Water firm warns millions could be left without tap water as temperatures soar to 36C

MILLIONS of Brits could be left without tap water as temperatures rocket to a sizzling 36C.

South East Water has issued a warning saying lockdown and roasting temperatures have put a "strain on the country".

And they have urged families to ditch hose pipes, garden sprinklers and garden water toys to ensure everyone has "what they need to drink".

The company is already pumping 150million litres of drinking water into homes during the scorching weather.

But it fears its 2.2million customers could be forced to go without unless usage is cut this weekend.

Steve Andrews, head of central operations for South East Water said: "Our water technicians have been working round the clock… but with this record amount of water being used daily it is getting harder to keep up.

"I am now appealing to every one – households and businesses – to keep water for essential use only while the heat is on this weekend and next week."


SOUTH East Water has given advice on how Brits can save water in the garden this summer.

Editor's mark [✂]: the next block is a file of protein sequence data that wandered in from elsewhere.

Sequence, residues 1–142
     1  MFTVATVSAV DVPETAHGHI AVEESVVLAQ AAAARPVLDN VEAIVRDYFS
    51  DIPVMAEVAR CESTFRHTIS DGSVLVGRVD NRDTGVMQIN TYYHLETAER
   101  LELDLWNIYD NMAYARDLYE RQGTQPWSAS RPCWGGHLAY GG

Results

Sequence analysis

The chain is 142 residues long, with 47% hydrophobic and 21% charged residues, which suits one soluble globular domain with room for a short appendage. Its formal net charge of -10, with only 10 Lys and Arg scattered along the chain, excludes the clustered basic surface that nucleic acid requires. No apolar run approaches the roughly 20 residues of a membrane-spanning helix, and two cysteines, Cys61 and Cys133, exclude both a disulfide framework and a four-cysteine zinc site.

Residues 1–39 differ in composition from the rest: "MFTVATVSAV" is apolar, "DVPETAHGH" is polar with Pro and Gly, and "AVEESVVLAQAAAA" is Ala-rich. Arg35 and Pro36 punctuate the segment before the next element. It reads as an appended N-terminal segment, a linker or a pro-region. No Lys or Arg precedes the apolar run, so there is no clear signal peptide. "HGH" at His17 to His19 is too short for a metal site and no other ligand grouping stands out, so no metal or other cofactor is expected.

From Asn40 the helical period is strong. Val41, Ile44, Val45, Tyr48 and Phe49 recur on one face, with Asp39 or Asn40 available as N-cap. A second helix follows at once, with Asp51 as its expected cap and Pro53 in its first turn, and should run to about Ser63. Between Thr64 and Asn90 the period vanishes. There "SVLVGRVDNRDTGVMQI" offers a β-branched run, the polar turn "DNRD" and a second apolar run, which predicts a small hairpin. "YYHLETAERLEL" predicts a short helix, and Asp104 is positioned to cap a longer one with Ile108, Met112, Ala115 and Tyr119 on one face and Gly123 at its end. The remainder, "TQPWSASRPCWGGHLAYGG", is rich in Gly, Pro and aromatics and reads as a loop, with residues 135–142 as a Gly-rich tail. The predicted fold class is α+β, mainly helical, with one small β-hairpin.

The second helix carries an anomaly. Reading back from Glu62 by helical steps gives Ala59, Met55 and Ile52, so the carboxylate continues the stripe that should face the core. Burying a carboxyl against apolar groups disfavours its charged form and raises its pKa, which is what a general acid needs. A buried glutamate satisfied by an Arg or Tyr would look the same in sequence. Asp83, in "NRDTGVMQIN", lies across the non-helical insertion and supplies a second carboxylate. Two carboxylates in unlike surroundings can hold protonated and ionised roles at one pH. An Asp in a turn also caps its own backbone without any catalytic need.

• Top up the paddling pool instead of refilling it every day. When you're finished, use the water on your plants and grass so none goes to waste
  • Invest in a water butt for your garden and use the harvested water on your plants (they grow better with rain water and you'll save money on your water bill too)
  • Remember – brown lawns bounce back
  • Water your pots and hanging baskets either early in the morning or during the evening to reduce evaporation in the midday sun
  • If you’re potting up or planting containers, use ones made from plastic, glazed terracotta or wood. These tend to lose less water than bare terracotta
  • Bury a short length of pipe into your pot; if you water into the tube the water goes directly to the roots where the plant needs it most
  • Use mulches like bark chips or gravel to retain moisture and keep weeds down

Brits have been enjoying the mini heatwave this weekend with temperatures expected to rise to 36C.

Beaches across the country are packed out and sunseekers have flocked outside to enjoy the roasting weather.

But to cool down, some families are switching on their sprinklers , which ca use up to 1,000 litres of water an hour.

This is as much as a family of six gets through in one day.

Water companies warned last month a surge in Brits turning on the tap had left some areas of the UK dry.

Demand rose by 25 per cent in June – and even reached 40 per cent higher than the average for the time of year as families switched the hose on.

United Utilities – Britain's largest water company – revealed staff were struggling to cope with the huge demand after the driest May in 150 years.

While Yorkshire Water urged its 3million customers to take a four-minute shower to avoid a hosepipe ban.

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